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The Student News Site of Texas A&M University - College Station

The Battalion

The Student News Site of Texas A&M University - College Station

The Battalion

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Student leaders criticize, organize against ‘no more than four’ ordinance

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Graphic by Nikhil Vadi

College Station’s ‘no more than four’ ordinance restricts more than four unrelated individuals from living in a single-family household together. That ordinance went unenforced until recently, and now, A&M’s Student Government Association is organizing against it.

College Station’s “no more than four” ordinance has been restricting more than four unrelated individuals from living in a single-family household since 1940. 

For weeks, Texas A&M’s Student Government Association, or SGA, Executive Cabinet and Student Senate have been working to inform students about the rule while also speaking with city officials to reform it after enforcement became a priority for College Station. This comes after 180 violations were reported in 2022, compared to 13 in 2021. 

“The City has limited the number of unrelated persons who are permitted to reside as a single-housekeeping unit in a residential district to a maximum of four since the adoption of its first zoning ordinance in 1940,” College Station’s website reads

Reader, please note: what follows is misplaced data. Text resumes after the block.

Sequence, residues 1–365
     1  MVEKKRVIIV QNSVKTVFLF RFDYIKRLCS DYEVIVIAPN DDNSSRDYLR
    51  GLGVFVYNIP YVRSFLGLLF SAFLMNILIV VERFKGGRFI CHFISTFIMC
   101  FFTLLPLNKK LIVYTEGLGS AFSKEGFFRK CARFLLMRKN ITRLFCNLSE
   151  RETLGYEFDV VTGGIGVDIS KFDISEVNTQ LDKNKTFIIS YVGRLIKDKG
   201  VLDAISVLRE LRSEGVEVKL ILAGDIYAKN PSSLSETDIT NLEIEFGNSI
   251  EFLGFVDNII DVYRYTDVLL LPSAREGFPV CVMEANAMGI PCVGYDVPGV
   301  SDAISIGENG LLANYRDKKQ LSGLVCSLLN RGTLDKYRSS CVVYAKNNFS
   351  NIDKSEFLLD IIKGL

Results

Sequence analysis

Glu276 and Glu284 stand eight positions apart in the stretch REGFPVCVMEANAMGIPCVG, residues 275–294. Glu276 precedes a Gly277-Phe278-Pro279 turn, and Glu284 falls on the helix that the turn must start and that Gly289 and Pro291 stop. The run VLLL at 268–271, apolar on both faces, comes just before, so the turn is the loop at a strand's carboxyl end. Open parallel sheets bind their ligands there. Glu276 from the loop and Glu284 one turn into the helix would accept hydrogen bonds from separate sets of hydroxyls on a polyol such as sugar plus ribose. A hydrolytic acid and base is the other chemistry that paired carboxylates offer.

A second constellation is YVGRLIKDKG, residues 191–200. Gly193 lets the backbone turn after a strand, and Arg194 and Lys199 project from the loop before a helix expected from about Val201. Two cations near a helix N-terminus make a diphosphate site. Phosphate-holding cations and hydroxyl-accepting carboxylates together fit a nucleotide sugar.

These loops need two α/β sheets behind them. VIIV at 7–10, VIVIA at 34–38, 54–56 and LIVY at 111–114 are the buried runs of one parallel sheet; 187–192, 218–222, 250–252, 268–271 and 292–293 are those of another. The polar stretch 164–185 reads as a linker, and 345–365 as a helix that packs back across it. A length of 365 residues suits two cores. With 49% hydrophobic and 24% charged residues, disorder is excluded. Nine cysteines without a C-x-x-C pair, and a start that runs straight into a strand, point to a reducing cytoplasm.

On Wednesday, Oct. 4, Speaker of the Student Senate Andrew Applewhite called a special session to discuss SGA’s plans to advocate for the student body. At the meeting, three speakers addressed the senate and discussed the economic impact of this ordinance and how the student body should go about advocating against the policy. 

Economics professor Jonathan Meer started by breaking down the economic effects the ordinance will have on the housing market if strict enforcement of the ordinance continues. 

“If you reduce occupancy, there will be the same number of people looking for housing, and there will be fewer available housing slots,” Meer said. “Something’s gotta give, either some people will end up without housing and there are more people looking for housing than there are housing slots, or prices rise until some people drop out of the market and find some alternative way of finding shelter.” 

Meer said reducing the supply of houses in Bryan-College Station would increase prices. 

“When we reduce supply by taking units off of the market, what we should expect is fewer units being rented at a higher price — that is, fewer units with more rent,” Meer said. “One way that people may adapt to these higher prices is by living further away, which increases the amount of traffic you might expect … so more congestion, more potential for accidents [and] greater wasted time.”

According to Rent Data, the fair market rent of houses in Bryan-College Station is more expensive than 89% of the state and 84% of the country. Pew Research data shows this can be difficult for 39% of college students who come from families with a household income in the bottom two income quintiles. 

Political science professor Todd Kent gave the senators advice on how to better advocate for students. He said students need to have facts, good relationships, a clear message and a platform to spread the conversation about no more than four. 

“What you find when you do campaigns of any sort is that people don’t pay attention,” Kent said. “So what I suggest is to have your winning message and keep saying it over and over again.”

Kent said as student leaders, the senate should paint a clear picture for the student body of what they are advocating for.